Is a Bigger Church Always a Better Church?
Yet, is a bigger church always a better church? Is a growing church always a godly church? No. Churches as human institutions can grow for reasons other than godliness. Plop a new church down in the middle of a rapidly growing community and that church will almost always experience church growth no matter how ineffective or unfaithful it might be. Churches can also use clever marketing schemes to grow their numbers, selling programs, promises, and even Jesus (or a downgraded version of Jesus). Sometimes their marketing strategies include putting the less-saleable parts of Christianity in the fine print, things like sin or commitment to Christ.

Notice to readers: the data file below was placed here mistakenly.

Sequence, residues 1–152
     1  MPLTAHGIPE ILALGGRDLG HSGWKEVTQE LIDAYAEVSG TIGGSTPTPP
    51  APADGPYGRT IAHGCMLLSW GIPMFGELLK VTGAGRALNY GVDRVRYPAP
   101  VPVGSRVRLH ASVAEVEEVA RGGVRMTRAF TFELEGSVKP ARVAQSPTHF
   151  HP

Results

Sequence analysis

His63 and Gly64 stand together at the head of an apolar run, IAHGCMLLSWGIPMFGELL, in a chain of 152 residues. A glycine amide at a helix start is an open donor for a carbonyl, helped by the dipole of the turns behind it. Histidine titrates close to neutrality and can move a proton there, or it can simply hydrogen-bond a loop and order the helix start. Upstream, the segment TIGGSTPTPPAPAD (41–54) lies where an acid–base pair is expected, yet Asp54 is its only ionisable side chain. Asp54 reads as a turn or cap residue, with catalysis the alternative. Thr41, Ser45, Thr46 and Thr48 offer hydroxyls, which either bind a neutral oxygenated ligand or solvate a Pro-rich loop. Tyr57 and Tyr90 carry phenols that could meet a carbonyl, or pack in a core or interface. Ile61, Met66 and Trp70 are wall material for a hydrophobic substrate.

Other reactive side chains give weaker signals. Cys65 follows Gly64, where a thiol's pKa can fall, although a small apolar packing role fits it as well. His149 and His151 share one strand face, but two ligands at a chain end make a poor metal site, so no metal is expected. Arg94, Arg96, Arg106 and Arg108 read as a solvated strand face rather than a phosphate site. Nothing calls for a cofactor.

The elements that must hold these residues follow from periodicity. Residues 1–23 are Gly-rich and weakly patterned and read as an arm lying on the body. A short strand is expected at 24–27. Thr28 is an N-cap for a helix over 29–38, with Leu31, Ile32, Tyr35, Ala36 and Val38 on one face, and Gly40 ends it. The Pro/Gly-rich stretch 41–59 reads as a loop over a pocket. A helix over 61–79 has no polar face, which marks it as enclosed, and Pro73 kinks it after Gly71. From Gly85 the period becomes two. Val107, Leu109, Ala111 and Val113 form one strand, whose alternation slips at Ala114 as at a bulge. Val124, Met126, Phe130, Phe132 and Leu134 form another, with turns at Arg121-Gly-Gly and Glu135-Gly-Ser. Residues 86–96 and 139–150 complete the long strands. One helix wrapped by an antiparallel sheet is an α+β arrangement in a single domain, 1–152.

So, though a godly church will be a growing church, a growing church is not necessarily a godly church, and a gargantuan church is not necessarily much godlier than the small church down the street. You can't simply use the last verse of Acts 2:41-47 to evaluate a church. Remember, a solid church will also be devoted to "the apostles' teaching and fellowship, to the breaking of bread and the prayers." A godly church will experience awe as God does wonders and signs in its midst, and its members will exercise sacrificial generosity in their care for one another. A godly church will have all of these things in place, besides church growth.